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Subject: ADD Version: Candlelight Fisherman
From: Joe Offer
Date: 17 Dec 10 - 02:54 AM

Here's the Traditional Ballad Index entry on this song:

    Candlelight Fisherman, The

    DESCRIPTION: Singer, a fisherman, tells how his father taught him to test the wind at night by sticking a candle lantern outside: "Open the pane and pop out the flame/To see how the wind do blow". He tells how he does it, and advises listeners to do the same
    AUTHOR: unknown
    EARLIEST DATE: 1952 (recorded from Phil Hammond)
    KEYWORDS: fishing technology work humorous nonballad father wife worker
    FOUND IN: Britain(England(South))
    REFERENCES (2 citations):
    Kennedy 219, "The Candlelight Fisherman" (1 text, 1 tune)
    DT, CANDLEBLO*

    Roud #1852
    RECORDINGS:
    Phil Hammond, "The Candlelight Fisherman" (on FSB3)
    Bob Roberts, "The Candlelight Fisherman" (on BRoberts01, HiddenE)

    NOTES: The joke is that while one is testing the wind with the lantern, its light attracts fish. Doing this, of course, is against the law. - PJS
    Kennedy adds another joke along the lines of the "Arkansas Traveller": If the wind blows out the candle, it's blowing too hard to go out; if the wind doesn't blow out the candle, there isn't enough wind to sail. - RBW
    File: K219

    Go to the Ballad Search form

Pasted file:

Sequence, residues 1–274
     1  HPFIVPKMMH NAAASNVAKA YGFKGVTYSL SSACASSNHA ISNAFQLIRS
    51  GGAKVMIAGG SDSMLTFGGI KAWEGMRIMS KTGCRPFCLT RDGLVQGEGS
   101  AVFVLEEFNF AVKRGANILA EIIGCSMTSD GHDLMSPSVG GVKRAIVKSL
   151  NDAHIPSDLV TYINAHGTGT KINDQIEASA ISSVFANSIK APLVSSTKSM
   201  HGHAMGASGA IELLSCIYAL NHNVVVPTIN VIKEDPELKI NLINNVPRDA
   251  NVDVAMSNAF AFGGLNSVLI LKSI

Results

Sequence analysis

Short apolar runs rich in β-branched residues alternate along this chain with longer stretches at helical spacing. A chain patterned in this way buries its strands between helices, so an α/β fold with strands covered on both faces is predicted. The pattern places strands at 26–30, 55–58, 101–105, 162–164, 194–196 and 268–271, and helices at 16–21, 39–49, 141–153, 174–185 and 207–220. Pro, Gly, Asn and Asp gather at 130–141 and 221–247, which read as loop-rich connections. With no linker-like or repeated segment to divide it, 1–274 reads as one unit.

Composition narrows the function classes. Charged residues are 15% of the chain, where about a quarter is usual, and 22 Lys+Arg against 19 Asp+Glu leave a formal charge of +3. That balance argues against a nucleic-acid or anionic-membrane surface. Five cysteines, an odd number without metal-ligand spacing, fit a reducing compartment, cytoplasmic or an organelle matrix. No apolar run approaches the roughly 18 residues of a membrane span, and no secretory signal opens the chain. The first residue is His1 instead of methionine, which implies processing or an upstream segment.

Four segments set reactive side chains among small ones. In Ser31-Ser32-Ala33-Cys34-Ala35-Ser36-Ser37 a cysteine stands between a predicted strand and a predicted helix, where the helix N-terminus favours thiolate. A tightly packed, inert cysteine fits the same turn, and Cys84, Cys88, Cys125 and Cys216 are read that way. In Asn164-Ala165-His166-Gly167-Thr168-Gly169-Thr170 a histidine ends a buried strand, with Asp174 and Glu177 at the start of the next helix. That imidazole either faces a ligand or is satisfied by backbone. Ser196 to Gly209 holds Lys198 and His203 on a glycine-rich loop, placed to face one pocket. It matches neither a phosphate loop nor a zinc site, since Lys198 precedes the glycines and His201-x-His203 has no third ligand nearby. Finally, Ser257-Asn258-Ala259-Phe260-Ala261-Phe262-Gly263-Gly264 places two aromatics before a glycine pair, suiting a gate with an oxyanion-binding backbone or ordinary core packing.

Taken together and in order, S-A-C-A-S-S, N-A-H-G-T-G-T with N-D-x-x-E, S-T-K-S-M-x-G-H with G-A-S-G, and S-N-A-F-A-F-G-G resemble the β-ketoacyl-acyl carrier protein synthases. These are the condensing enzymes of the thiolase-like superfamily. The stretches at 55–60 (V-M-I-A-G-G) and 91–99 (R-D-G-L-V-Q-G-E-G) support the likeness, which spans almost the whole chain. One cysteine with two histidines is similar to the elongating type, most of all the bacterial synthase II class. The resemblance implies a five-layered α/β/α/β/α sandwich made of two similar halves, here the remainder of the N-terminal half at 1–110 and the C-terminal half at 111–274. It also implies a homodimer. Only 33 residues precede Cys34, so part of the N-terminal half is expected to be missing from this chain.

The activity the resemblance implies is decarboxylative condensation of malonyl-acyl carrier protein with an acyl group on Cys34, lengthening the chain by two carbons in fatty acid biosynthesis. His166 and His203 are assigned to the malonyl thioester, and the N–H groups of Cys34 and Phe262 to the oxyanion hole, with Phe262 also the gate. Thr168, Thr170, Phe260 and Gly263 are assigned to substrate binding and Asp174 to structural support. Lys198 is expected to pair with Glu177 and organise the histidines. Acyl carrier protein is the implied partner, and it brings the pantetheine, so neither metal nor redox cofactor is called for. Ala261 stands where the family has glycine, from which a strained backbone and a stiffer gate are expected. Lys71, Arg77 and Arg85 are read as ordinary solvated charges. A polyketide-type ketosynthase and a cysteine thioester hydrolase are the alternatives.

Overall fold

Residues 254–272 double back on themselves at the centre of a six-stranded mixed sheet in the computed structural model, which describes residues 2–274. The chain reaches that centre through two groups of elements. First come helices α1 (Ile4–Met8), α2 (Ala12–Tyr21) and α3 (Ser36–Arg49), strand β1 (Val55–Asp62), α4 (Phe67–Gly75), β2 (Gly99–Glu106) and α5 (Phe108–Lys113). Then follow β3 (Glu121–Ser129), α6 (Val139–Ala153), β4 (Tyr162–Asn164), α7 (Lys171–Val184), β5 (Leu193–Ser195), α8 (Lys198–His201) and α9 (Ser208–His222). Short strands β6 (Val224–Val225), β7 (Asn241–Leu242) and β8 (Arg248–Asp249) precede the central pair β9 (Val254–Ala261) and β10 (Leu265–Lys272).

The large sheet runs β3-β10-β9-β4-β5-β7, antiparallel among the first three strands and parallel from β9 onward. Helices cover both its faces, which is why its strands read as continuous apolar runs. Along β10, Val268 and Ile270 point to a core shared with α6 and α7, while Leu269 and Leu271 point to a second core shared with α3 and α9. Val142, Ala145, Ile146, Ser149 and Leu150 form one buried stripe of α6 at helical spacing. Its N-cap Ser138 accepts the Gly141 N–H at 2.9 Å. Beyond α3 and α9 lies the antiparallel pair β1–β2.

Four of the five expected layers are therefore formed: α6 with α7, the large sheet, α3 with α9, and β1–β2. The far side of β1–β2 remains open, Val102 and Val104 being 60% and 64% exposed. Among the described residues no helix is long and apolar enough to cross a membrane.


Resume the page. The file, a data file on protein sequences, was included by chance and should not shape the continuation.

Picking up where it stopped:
Go to the Ballad Index Instructions
    Go to the Bibiography
    Go to the Discography

    The Ballad Index Copyright 2009 by Robert B. Waltz and David G. Engle.


Roud Index Search


Below is the version from Bob Roberts in Roy Palmer's Oxford Book of Sea Songs (1986).
The word "snug" and the verse in brackets are from my transcription of the Bob Roberts recording from his Songs from the Sailing Barges CD. I can't catch all the words on the "south wind" verse, so I'd appreciate corrections and suggestions. Except for that one word and the "south wind" verse, the Roberts recording is almost identical to what's in the Oxford Book of Sea Songs

CANDLELIGHT FISHERMAN

My dad was a fisherman bold
And he lived till he grew old,
Till he opened the pane and popped out the flame
Just to see how the wind do blow.

He often said to me:
'You'll be wise before you go,
Do you open the pane and pop out the flame
Just to see how the wind do blow?'

When the north wind roughly blow
Then I lay right down [snug] below
And I open the pane and pop out the flame
Just to see how the wind do blow.

When the wind comes from the west
It will blow hard at the best,
So I open the pane and pop out the flame
Just to see how the wind do blow.

Now a wind that's from the east,
Is no good to man nor beast
So I open the pane and pop out the flame
Just to see how the wind do blow.

[When the south wind softly blow
It's not enough for you to go.
But I open the pane and pop out the flame
Just to see how the wind do blow.]

My wife she said to me:
'We shall starve if you don't go,'
So I open the pane and pop out the flame
Just to see how the wind do blow.

So all you fishermen bold,
If you'd live till you grow old,
Do you open the pane and pop out the flame
Just to see how the wind do blow.


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Subject: ADD Version: Candlelight Fisherman
From: Joe Offer
Date: 17 Dec 10 - 02:57 AM

John Roberts did a nice recording of this song on his Sea Fever CD, and he has the lyrics on his Website. I hope he doesn't mind my posting his version, which he says he got from Bob Roberts.

CANDLELIGHT FISHERMAN

Now my dad was a fisherman bold
And he lived till he grew old
For he'd open the pane and pop out the flame